- The Jazz Republic: Music, Race, and American Culture in Weimar Germany by Jonathan O. Wipplinger
The impact of jazz and American culture in Weimar Germany has been studied elsewhere but not as convincingly as in Jonathan O. Wipplinger's new book, which sets a high goal, namely "to reorient current understanding of Jazz in Germany as formed by intercultural, and indeed, transnational exchange to provide a new sense of this culture that [...] was once so thoroughly invested in and enthralled by Jazz" (15).
Not simple influence analysis but a dialectal understanding of cultural exchange is the objective of the book, with an emphasis on Weimar culture as a complex of "modernism, modernity, and debates over changing cultural, gender, and racial norms" (14). What makes this approach compelling is the author's intent to avoid describing "a stable notion of Jazz against which German knowledge might be judged" (14); instead, he seeks to "provide sufficient space for [End Page 404] moments of volatility and unpredictability, as well as dialogue between white Americans, African Americans, other members of the African Diaspora, Europeans, and Weimar Germans" (14, my emphasis).
Judged by these goals, the book is a complete success. It is well structured, and each chapter leads the reader into various aspects of Weimar culture grounded in a thorough understanding of the period, its writers, and its cultural artifacts. What is striking is how skilfully the author develops this transcultural dialogue around the figures of Sam Wooding, Paul Whiteman, Theodor W. Adorno, Langston Hughes, and representatives of Weimar Germany's various literary movements such as Dada and Neue Sachlichkeit.
The reception of the American musicians Wooding and Whiteman is juxtaposed to that of the poet Hughes. Wooding, an African American jazz musician and a pioneer in introducing jazz to German audiences in 1925 with the touring show Chocolate Kiddies, is presented as an iconic figure of the African American jazz performer who elicits a variety of responses from Weimar contemporaries. One in particular was Alfred Lion, whose experience of this startling new American idiom led him ultimately, once the Nazis had forced him into exile, to become a significant force in the production of jazz music in the United States as a co-founder of Blue Note Records, perhaps the most important source of jazz in the years after the Second World War.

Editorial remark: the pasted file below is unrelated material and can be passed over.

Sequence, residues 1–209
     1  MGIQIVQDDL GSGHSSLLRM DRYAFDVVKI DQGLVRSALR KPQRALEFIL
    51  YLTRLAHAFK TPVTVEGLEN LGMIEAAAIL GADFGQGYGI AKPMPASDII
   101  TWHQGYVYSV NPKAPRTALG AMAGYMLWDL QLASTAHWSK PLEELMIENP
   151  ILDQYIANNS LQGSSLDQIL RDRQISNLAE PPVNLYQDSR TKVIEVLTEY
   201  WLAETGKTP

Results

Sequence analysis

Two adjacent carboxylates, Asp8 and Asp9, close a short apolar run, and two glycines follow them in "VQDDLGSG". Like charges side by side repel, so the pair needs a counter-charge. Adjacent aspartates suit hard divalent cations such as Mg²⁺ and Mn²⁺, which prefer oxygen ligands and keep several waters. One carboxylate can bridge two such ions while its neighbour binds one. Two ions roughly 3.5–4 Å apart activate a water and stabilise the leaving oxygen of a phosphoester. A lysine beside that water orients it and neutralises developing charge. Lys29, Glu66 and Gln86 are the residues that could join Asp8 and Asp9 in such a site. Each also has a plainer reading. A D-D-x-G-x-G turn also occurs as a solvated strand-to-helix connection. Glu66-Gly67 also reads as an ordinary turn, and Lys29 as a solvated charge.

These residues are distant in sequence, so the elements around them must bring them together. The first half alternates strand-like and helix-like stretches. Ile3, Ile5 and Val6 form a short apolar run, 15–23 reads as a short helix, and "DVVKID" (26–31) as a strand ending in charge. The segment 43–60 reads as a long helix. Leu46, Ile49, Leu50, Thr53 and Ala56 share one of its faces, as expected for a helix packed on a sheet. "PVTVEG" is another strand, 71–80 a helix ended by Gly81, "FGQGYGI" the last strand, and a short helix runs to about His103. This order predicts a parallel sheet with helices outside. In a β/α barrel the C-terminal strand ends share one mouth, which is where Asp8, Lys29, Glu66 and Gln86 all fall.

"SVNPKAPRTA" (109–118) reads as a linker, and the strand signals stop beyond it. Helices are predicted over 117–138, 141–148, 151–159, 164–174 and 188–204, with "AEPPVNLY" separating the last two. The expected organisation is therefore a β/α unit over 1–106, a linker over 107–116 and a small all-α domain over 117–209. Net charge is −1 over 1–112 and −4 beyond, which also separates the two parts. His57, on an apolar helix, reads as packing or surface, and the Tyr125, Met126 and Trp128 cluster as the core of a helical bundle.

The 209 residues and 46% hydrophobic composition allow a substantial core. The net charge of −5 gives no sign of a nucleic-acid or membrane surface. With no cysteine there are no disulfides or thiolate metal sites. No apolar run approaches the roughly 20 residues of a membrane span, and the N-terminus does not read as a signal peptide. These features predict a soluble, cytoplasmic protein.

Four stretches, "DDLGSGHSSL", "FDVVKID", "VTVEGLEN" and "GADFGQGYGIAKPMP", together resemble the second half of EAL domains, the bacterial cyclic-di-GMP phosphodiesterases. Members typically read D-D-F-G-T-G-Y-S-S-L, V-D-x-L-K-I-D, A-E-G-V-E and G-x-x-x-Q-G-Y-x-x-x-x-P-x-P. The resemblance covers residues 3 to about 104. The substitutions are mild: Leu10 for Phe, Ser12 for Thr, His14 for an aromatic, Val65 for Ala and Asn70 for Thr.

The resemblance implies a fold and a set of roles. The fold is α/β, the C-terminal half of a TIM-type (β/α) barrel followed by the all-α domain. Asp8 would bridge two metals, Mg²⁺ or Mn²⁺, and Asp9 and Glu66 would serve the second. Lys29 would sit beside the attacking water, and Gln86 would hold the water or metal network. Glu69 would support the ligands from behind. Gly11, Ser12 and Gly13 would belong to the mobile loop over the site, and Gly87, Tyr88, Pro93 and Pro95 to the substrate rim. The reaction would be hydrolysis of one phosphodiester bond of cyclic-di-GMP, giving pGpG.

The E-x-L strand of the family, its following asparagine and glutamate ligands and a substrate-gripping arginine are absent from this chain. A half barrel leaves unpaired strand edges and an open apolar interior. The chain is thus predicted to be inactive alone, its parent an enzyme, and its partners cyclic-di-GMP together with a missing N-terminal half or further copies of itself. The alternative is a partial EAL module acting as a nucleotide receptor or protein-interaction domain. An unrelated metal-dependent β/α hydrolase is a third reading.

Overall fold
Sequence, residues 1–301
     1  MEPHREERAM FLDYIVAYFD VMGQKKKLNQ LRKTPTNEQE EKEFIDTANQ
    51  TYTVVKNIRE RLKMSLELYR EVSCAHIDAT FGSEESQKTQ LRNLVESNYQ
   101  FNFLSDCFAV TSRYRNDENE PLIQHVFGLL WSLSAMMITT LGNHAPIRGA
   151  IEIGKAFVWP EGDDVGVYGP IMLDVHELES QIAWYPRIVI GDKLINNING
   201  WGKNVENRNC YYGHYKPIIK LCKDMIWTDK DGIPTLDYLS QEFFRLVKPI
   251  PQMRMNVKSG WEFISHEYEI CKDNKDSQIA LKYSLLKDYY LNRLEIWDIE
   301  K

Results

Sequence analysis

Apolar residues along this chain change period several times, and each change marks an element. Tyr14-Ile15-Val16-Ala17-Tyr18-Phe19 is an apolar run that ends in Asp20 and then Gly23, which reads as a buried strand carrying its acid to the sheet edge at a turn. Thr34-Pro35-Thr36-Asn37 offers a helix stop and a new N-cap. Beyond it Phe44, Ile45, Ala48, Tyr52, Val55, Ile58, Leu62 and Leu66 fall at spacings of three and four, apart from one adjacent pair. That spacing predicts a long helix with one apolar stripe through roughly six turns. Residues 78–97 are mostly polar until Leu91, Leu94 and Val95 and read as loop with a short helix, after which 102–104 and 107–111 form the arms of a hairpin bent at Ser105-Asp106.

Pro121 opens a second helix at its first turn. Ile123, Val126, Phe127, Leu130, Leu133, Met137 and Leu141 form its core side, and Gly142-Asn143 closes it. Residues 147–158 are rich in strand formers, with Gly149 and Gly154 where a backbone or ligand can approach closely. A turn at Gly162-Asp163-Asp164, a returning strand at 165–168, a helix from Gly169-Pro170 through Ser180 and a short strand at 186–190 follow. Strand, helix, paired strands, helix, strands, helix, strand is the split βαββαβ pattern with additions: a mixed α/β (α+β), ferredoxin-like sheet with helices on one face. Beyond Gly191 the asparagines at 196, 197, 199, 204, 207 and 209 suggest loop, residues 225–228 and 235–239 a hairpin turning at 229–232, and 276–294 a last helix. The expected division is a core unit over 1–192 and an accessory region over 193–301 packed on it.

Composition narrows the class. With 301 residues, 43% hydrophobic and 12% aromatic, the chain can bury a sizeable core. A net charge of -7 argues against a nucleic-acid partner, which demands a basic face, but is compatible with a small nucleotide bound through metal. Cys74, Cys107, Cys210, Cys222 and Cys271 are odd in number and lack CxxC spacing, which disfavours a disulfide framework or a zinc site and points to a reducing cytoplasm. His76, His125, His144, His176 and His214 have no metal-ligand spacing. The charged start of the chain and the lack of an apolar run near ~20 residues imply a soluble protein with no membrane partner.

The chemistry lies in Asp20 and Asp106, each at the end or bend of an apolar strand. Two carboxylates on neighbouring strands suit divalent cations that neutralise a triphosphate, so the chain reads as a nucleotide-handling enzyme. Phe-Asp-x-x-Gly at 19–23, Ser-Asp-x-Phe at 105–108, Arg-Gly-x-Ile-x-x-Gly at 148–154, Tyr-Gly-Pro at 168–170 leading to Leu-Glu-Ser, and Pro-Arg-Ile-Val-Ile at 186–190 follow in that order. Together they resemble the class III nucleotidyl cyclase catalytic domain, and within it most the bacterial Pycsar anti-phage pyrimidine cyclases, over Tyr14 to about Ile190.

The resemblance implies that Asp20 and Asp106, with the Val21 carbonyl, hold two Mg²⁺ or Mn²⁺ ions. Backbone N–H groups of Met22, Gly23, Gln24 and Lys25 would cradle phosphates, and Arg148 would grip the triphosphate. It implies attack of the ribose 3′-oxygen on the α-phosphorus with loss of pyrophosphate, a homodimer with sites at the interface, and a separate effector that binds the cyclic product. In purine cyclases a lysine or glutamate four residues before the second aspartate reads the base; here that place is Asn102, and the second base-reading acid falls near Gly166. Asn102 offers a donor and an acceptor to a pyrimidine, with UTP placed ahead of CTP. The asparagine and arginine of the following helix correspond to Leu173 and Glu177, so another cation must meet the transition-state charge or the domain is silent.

The book is full of such surprising and informative anecdotes. Whiteman, the white American who sought to transform jazz into an art form by creating the jazz symphony, had a significant impact not just on popular music in Weimar but also, as the author demonstrates quite effectively, on the often ignored novels of writers such as Rene Schickele, Hans Janowitz, and Gustav Renker. Wipplinger explains that the attraction of symphonic jazz to these writers was its promise of unifying tradition with modernity, certainly a source of conflict in Weimar. The author is careful to examine both positive and negative responses to the new American idiom, and it is in that context that his careful analysis of Adorno's reception of jazz deserves special note. While Adorno rejected jazz, Wipplinger discerns the influence of the idiom on Adorno's unfinished opera, Der Schatz des Indianer Joe: Singspiel nach Mark Twain. Here the interplay of race and American culture embodies the influence that the author perceives in jazz in the period of Weimar's dissolution and the mounting anti-American and anti-modernist forces represented by fascism.
Particularly noteworthy is the author's treatment of race and its impact in Weimar Germany. French colonial troops occupying the Rhineland generated a firestorm of controversy on the right and the left, for which the term Schwarze Schmach was a rallying cry. But, as the author shows, this crisis had little or no effect on the appearance of black performers from the African diaspora on the stage or on the screen. Here Wipplinger incorporates some of the interesting research on the African...